Black hole spins are very difficult to measure. Two methods have very recently started to be used, but both are approximate - and there is a lot of skepticism about the reliability of their results (especially since they often don't agree). Both methods rely on inferring how close the accretion disk comes to the black hole to infer the Innermost Stable Circular Orbit (ISCO) --- which then implies a spin magnitude and axis (but not which direction along that axis). The first method uses the temperature of the accretion disk (hotter means it comes closer to the BH), and the second method uses broadening of an iron emission line (the broader it is, the faster it is rotating and the more redshifted it is by strong-gravity -- thus the closer to the BH it is).

Both of these methods require fitting noisy data... The main uncertainty seems to be how well the inclination of the system (relative to the observer) can be determined. I.e. if the disk is edge on, could we distinguish that from face-on? How does that affect the measurement?

(Note that both of these methods have mostly been applied to stellar-mass BH systems, within our own galaxy. Massive Black-Holes in other galaxies is much harder.)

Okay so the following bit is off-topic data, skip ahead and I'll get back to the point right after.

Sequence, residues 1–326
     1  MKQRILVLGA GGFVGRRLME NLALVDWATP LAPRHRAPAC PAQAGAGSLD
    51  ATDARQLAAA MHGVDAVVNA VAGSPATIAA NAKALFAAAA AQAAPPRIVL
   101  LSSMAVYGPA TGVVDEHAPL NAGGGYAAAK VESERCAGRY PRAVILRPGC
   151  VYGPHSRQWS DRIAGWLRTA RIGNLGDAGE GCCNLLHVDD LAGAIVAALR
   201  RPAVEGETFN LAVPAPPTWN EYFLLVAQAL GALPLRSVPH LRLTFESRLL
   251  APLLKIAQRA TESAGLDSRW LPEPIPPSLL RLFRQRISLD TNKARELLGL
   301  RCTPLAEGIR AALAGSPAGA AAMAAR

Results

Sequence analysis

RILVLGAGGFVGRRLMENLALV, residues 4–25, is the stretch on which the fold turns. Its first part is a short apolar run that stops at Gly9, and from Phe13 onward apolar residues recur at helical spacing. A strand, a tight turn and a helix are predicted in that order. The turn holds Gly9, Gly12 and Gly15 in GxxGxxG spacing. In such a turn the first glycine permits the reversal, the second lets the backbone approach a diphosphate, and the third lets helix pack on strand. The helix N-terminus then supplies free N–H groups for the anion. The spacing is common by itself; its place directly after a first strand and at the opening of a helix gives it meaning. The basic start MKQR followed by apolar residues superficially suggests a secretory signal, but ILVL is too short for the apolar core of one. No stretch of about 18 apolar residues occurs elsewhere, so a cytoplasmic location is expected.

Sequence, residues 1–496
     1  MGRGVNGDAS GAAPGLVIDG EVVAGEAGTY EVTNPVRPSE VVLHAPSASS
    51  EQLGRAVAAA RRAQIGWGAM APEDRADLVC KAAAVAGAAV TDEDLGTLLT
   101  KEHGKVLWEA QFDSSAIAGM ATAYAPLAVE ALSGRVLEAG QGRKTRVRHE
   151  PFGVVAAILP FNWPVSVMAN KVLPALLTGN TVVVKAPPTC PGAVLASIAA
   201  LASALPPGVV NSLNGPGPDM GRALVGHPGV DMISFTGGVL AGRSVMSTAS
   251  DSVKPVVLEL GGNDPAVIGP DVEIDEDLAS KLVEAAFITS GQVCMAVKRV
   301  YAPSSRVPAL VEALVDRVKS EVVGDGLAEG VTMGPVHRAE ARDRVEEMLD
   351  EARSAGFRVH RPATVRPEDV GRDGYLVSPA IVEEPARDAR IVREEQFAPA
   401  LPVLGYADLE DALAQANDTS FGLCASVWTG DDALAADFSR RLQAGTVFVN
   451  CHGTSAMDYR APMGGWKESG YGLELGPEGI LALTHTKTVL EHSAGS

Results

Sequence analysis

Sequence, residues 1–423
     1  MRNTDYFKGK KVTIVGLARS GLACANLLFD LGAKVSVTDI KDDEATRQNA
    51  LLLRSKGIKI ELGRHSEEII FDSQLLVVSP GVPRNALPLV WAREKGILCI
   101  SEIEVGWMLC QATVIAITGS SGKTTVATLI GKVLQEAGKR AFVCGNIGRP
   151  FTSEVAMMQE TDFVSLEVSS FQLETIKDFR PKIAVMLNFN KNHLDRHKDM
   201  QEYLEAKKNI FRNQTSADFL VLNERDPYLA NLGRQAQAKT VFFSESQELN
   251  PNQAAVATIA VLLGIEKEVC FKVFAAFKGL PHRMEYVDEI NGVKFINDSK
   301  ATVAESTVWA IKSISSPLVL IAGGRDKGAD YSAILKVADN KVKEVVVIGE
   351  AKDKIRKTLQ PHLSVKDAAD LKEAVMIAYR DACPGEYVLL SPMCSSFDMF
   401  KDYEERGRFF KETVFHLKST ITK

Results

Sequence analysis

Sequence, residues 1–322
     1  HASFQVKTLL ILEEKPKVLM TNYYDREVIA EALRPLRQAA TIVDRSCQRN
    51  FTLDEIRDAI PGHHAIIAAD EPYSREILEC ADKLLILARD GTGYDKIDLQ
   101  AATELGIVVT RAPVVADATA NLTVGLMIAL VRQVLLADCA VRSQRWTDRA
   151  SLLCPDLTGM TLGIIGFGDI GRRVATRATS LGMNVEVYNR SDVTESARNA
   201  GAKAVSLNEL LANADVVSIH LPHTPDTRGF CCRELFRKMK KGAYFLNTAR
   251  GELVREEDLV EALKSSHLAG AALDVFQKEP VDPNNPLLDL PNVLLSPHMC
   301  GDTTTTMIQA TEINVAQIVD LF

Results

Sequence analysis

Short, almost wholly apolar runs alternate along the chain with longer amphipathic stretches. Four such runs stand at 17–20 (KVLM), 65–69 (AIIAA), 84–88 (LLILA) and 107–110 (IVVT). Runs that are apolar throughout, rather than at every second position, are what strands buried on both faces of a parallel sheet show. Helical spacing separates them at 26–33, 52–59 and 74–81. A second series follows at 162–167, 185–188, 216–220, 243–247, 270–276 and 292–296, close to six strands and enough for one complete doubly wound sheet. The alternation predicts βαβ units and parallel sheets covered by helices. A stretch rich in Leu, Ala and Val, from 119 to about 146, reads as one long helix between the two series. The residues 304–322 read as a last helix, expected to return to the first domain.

Even [super-]massive black-holes ([S]MBH) are very small compared to the sizes of galaxies they live in; like, 5-8 orders of magnitude smaller. This means it's very hard to simulate/calculate the connection between these size-scales. Specifically, we don't understand very well how MBHs get their gas from the surrounding galaxy. For that reason we don't have very good guesses on how galaxy and BH spins should be related. That being said, both simulations and people's theories suggest the spins should be correlated, but far from directly linked. Because of chaotic effects like galaxy and black-hole mergers, we can say with good certainty that in the 100's of billions of galaxies out there, lots of them will have completely opposite spins. We actually do know of some galaxies that have disk-like populations of stars which rotate in the opposite direction as the bulk of the galaxy... so this suggests the same could happen with BH accretion disks, and thus BH spins.